FORTNITE to Shut Down in China

Epic Games have officially confirmed the hugely popular game Fornite will close its servers down in China.

Player registrations were disabled yesterday, leaving new users unable to sign up for an account. The servers will be completely shut down for good on November 15th, meaning Chinese players will not be able to connect to the game from that date.

The battle-royale phenomenon, also known as Fortress Night in China, was noted to be very different from the one in the West. An example of this comes with China making any depictions of skulls illegal in the country, forcing the game to heavily alter graphics that feature skulls. Games also have a hard twenty-minute time limit, with all remaining players granted a victory if a solo victor isn’t achieved in that time.

The game broke into the Chinese market thanks to a partnership with Shenzhen-based publisher Tencent who also owns a 40% stake in Epic Games. At the time of writing, neither company has given a reason for the game’s termination, but when asked for comment a representative for Epic Games pointed to a post published on the games blog page which simply reads, “Dear users: Fortnite China’s Beta test has come to an end and the servers will be closed soon. Thank you to everyone who has ridden the Battle Bus with us by participating in the Beta.”

Although both companies are remaining tight-lipped on the exact reasons behind the closure, it is believed that a huge crackdown from the Chinese government on online gaming has played a huge role in the decision. It was reported that back in August, the Chinese government restricted online gaming for those under 18 to just three hours per week – A decision that was made in order to tackle what they labeled as “addiction”.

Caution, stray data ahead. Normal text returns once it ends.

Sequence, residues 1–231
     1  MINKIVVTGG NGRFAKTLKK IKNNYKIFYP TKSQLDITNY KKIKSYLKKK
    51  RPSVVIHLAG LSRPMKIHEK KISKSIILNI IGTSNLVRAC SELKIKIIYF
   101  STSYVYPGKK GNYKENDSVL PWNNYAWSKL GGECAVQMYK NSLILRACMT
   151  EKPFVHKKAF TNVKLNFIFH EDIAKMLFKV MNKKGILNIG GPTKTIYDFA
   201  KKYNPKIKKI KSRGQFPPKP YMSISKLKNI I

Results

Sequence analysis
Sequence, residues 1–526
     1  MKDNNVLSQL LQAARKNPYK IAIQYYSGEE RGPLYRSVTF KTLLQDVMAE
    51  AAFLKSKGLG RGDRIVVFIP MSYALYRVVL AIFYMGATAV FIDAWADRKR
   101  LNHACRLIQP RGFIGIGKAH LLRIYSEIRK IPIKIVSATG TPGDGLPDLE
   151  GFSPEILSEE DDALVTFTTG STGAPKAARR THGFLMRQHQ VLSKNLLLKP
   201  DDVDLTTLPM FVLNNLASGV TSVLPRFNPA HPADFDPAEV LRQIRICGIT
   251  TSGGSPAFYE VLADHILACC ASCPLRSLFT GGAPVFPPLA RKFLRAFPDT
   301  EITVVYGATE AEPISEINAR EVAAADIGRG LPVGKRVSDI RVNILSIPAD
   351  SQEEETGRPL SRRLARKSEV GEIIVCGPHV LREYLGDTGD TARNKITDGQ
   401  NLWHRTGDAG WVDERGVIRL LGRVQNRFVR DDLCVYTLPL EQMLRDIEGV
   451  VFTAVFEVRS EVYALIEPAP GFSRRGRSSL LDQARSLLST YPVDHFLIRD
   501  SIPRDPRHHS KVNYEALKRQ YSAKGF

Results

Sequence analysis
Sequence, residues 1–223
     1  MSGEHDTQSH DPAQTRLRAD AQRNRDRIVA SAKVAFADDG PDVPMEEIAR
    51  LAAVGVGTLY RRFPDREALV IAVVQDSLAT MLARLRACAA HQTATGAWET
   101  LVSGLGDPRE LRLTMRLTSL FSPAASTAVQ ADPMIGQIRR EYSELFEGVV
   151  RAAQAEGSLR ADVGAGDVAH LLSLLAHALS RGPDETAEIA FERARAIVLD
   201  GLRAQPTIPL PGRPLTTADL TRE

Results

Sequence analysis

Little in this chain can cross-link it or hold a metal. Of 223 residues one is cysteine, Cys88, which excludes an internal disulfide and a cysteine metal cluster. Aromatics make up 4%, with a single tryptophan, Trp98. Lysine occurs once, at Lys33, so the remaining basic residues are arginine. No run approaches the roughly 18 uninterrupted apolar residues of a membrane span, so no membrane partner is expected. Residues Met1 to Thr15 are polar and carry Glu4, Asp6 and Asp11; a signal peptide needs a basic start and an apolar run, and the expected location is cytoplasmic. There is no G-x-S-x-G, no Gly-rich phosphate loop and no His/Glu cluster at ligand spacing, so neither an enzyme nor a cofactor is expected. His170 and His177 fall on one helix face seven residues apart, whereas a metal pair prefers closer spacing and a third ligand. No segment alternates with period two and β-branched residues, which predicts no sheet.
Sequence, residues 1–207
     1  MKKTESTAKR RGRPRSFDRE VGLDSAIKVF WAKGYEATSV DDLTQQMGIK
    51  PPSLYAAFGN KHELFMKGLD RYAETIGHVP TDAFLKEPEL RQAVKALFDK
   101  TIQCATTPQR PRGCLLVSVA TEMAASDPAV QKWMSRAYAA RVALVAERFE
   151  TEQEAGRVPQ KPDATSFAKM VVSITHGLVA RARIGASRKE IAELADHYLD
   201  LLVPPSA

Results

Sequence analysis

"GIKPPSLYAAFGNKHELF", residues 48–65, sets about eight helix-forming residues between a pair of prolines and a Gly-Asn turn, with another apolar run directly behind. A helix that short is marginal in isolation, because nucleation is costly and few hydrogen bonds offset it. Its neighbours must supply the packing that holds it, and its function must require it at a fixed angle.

Daniel Ahmad, a video game industry analyst, spoke of the news and speculated why the decision has been made. “Fortnite never officially launched in China. The game has been undergoing testing for the past 2+ years and does not include IAP (In-App-Purchases). This is because the game was never approved by the government and therefore could not officially launch + monetize. Hence the shut down now.”

The shutdown within the Chinese market will come as a huge disappointment for all involved, given the game’s massive worldwide popularity and the huge commercial opportunities available.

 

About Scott Goldie

Born and raised in Yorkshire, England - Scott is very passionate about the Film and TV industry, and enjoys discussing it whenever he can. He is a life-long supporter of the Manchester United soccer team, and attends games regularly during the Premier League season. He is a great lover of travel and has visited many places over the years. In his spare time, he loves attending conventions, playing sports and getting out into nature. Scott's goal is to follow his passion for writing, explore new ways in which he can create content in the entertainment industry, and engage with like-minded people along the way.

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